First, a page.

Francesca Woodman

Untitled, Concord, New Hampshire


Not on display

Francesca Woodman 1958–1981
Photograph, gelatin silver print on paper
Image: 135 × 133 mm
frame: 458 × 402 × 20 mm
ARTIST ROOMS Tate and National Galleries of Scotland
ARTIST ROOMS Acquired jointly with the National Galleries of Scotland through The d'Offay Donation with assistance from the National Heritage Memorial Fund and the Art Fund 2008


Francesca Woodman sits along the right edge of this black and white photograph. Her body is angled towards the camera and largely blocks the window visible behind her. Her face is in shadow. She wears dark, heavy-looking clothing and her hands are placed in her lap, where they stand out amongst the black. Her hands are further illuminated by a slant of light that directs the eye to the left, where an array of framed photographic portraits – mostly of children – are arranged on a small table. The space is otherwise bare except for what looks like a painting or other piece of art hung on the wall in the upper left corner of the image. Written in dark ink below the bottom right corner of the photograph, on the off-white border, is a squiggle that resembles the number 5.

This photograph was created while Woodman was a student at the Rhode Island School of Design (RISD) in Providence from 1975 to 1978. At RISD Woodman was a fiercely dedicated and independent student who devoted herself exhaustively to her work. She set up a studio and living space in the shabby rooms of a former dry goods store, and frequently worked in nearby abandoned houses and other rundown spaces. This work features Woodman prominently as its subject. When asked by her roommate and close friend Sloan Rankin why she was so often the subject of her own photographs, Woodman replied: ‘It’s a matter of convenience, I’m always available’ (quoted in Rankin 1998, p.35). This photograph is also notably small-scale. Woodman’s square photographs rarely measure more than fifteen centimetres in height or width.

Woodman made this photograph shortly after her grandmother’s funeral, which may identify her dark clothing as mourning dress. Art historian Peggy Phelan has argued that Woodman’s photographs were rehearsals for her ultimate suicide in 1981 at age twenty-two and that ‘her preoccupation with [death] permeates her understanding of photography’ (Phelan 2002, p.988). Phelan criticised much preceding scholarly work on Woodman for shying away from the artist’s suicide and pointed to ways in which Woodman ‘traces her own disappearance’ through her photographs (Phelan 2002, p.999). In this photograph Woodman can certainly be said to obscure herself in an act of disappearance. She is effaced by the darkness, her facial features blending into the black of her clothing. That her hands are illuminated might be taken to signify her role as photographer – the ‘artist’s hand’ made visible. However, her hands are rather still and cold-looking. Phelan has written that hands ‘haunt [Woodman’s] frames’ and that in many of her photographs ‘hands function as faces, intimately revealing portraits of affective states’ (Phelan 2002, p.992). In this sense the eerie, almost disconnected hands in this photograph may stand in for Woodman’s obscured face, conveying similar information about the sitter’s psychological and emotional state. The group of portrait photographs also illuminated by the light might suggest the power of images to preserve a person’s state in time, or else the capacity of images to outlive their subject.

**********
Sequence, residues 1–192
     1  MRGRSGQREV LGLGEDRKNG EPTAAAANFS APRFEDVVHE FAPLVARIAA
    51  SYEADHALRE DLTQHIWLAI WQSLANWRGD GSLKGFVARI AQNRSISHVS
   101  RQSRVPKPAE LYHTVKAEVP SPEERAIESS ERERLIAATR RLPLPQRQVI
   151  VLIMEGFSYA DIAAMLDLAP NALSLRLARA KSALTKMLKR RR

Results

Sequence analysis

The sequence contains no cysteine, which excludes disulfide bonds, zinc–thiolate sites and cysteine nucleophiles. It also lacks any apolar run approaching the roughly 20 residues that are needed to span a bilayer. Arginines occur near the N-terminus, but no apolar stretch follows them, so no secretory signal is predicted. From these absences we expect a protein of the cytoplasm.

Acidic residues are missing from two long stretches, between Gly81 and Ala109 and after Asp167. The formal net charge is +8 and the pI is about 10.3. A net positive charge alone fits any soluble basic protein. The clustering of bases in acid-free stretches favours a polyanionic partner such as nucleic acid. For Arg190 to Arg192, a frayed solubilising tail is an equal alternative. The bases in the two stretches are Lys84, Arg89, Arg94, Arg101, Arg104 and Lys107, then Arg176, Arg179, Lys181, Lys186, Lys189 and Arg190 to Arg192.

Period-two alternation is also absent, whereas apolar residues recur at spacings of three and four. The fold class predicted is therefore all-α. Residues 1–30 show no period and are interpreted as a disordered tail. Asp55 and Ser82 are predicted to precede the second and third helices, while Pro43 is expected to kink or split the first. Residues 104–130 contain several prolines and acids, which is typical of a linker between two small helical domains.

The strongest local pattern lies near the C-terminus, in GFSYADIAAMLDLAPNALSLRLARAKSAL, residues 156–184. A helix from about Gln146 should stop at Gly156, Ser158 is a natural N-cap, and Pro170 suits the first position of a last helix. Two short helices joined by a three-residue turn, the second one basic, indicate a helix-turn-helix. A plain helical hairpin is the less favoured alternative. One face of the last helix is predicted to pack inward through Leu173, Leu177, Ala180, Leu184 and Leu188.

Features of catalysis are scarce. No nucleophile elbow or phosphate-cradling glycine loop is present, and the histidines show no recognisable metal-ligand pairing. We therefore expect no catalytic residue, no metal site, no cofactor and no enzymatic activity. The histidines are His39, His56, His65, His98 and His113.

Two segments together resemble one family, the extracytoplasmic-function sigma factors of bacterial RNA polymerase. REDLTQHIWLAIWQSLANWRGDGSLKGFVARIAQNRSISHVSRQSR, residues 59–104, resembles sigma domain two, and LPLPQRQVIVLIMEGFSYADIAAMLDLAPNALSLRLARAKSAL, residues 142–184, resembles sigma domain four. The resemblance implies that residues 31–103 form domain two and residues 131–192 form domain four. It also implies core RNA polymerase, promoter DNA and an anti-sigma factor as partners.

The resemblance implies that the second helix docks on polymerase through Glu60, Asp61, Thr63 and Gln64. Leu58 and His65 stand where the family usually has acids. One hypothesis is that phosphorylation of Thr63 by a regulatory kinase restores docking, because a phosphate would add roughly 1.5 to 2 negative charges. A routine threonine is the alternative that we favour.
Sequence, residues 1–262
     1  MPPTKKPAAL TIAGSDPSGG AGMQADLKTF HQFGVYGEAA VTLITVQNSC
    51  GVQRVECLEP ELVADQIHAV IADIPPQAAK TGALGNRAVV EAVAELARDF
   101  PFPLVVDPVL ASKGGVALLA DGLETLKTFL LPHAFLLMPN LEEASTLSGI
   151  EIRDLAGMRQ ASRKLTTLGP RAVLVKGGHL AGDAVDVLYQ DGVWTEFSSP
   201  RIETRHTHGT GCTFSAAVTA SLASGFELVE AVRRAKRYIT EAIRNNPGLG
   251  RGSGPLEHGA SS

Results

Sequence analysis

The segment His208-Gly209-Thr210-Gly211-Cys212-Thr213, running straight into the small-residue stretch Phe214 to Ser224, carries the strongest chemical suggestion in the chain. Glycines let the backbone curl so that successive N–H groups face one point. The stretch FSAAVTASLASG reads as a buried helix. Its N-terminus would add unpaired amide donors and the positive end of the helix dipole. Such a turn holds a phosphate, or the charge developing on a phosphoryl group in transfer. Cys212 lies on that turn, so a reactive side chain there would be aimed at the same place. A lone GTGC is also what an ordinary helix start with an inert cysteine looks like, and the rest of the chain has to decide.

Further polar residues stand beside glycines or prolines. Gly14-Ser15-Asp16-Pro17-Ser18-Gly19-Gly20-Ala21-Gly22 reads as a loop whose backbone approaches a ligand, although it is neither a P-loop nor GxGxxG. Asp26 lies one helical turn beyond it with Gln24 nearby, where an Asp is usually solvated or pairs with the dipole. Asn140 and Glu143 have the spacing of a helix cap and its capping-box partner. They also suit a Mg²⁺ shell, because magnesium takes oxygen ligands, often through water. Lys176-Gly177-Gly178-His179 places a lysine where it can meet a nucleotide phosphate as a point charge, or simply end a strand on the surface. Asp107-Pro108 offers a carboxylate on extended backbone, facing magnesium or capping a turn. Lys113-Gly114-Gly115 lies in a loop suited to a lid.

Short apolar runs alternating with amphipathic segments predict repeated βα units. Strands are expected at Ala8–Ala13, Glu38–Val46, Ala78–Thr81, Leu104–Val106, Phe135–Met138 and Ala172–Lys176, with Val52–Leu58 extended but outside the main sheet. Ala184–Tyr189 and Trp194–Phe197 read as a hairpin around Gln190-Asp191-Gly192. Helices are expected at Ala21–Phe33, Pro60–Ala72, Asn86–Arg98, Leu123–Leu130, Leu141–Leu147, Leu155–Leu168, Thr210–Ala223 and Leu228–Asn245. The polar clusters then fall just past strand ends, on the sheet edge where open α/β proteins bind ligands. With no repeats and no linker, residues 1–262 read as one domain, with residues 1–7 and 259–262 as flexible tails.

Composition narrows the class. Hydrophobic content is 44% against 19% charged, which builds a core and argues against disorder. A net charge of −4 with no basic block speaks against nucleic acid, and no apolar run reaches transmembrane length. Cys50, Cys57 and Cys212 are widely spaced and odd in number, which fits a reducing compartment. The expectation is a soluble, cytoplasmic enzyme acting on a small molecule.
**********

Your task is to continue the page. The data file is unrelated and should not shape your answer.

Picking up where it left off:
Although she was about twenty years old at the time this photograph was taken, Woodman has the air of someone much older. Indeed, the light lends much of her visible hair a greying quality, and her clothing is quite matronly. Betsy Berne, a close friend of Woodman’s at RISD, has discussed this ambiguity: ‘[t]he contorted blurred figures in [Woodman’s] pictures capture a bleak wisdom beyond their years like that of a weary old woman who has seen too much and, simultaneously, the sweet naïveté of a pre-adolescent’ (quoted in Marian Goodman Gallery 2004, p.5). In this photograph Woodman appears as the former, perhaps in the guise of her late grandmother.

Further reading
Sloan Rankin, ‘Peach Mumble – Ideas Cooking’ in Hervé Chandès (ed.), Francesca Woodman, New York 1998.
Peggy Phelan, ‘Francesca Woodman’s Photography: Death and the Image One More Time’, Signs, vol.27, no.4, Summer 2002, pp.979–1004.
Francesca Woodman: Photographs 1975–1980, exhibition catalogue, Marian Goodman Gallery, New York 2004.

John White
University of Edinburgh
February 2015

The University of Edinburgh is a research partner of ARTIST ROOMS.

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Online caption

Woodman took this photograph of herself not long after her grandmother’s funeral. Old family photographs sit on the table beside her, whilst she is bathed in a transparent light suggesting a spiritual presence. Woodman has openly acknowledged the influence of Duane Michals’s surreal photographs for such images, which explore movement and transparency. Her photographs explore issues of gender and self, looking at the representation of the body in relation to its surroundings. She usually puts herself in the frame, although these are not conventional self-portraits, since she is either partially hidden or concealed by slow exposures that blur her moving figure into a ghostly presence. This underlying fragility is emphasised by the small and intimate format of the photographs.


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